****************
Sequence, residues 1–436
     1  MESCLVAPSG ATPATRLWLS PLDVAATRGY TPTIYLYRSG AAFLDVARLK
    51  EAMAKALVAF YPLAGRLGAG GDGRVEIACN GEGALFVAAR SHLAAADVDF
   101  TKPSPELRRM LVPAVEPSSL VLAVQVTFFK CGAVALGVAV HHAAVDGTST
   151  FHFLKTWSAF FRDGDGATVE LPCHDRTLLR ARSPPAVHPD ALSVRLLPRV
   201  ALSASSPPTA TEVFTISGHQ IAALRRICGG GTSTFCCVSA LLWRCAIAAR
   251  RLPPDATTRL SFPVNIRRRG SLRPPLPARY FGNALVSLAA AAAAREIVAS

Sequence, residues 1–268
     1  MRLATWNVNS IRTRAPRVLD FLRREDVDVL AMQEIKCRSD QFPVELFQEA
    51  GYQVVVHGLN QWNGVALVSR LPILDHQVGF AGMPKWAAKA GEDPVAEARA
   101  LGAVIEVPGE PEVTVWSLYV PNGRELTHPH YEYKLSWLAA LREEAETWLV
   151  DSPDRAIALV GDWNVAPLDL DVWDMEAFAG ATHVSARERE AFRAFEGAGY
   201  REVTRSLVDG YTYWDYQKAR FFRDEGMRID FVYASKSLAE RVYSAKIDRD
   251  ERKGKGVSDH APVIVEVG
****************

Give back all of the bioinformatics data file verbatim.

Sequence, residues 1–436
     1  MESCLVAPSG ATPATRLWLS PLDVAATRGY TPTIYLYRSG AAFLDVARLK
    51  EAMAKALVAF YPLAGRLGAG GDGRVEIACN GEGALFVAAR SHLAAADVDF
   101  TKPSPELRRM LVPAVEPSSL VLAVQVTFFK CGAVALGVAV HHAAVDGTST
   151  FHFLKTWSAF FRDGDGATVE LPCHDRTLLR ARSPPAVHPD ALSVRLLPRV
   201  ALSASSPPTA TEVFTISGHQ IAALRRICGG GTSTFCCVSA LLWRCAIAAR
   251  RLPPDATTRL SFPVNIRRRG SLRPPLPARY FGNALVSLAA AAAAREIVAS

Sequence, residues 1–268
     1  MRLATWNVNS IRTRAPRVLD FLRREDVDVL AMQEIKCRSD QFPVELFQEA
    51  GYQVVVHGLN QWNGVALVSR LPILDHQVGF AGMPKWAAKA GEDPVAEARA
   101  LGAVIEVPGE PEVTVWSLYV PNGRELTHPH YEYKLSWLAA LREEAETWLV
   151  DSPDRAIALV GDWNVAPLDL DVWDMEAFAG ATHVSARERE AFRAFEGAGY
   201  REVTRSLVDG YTYWDYQKAR FFRDEGMRID FVYASKSLAE RVYSAKIDRD
   251  ERKGKGVSDH APVIVEVG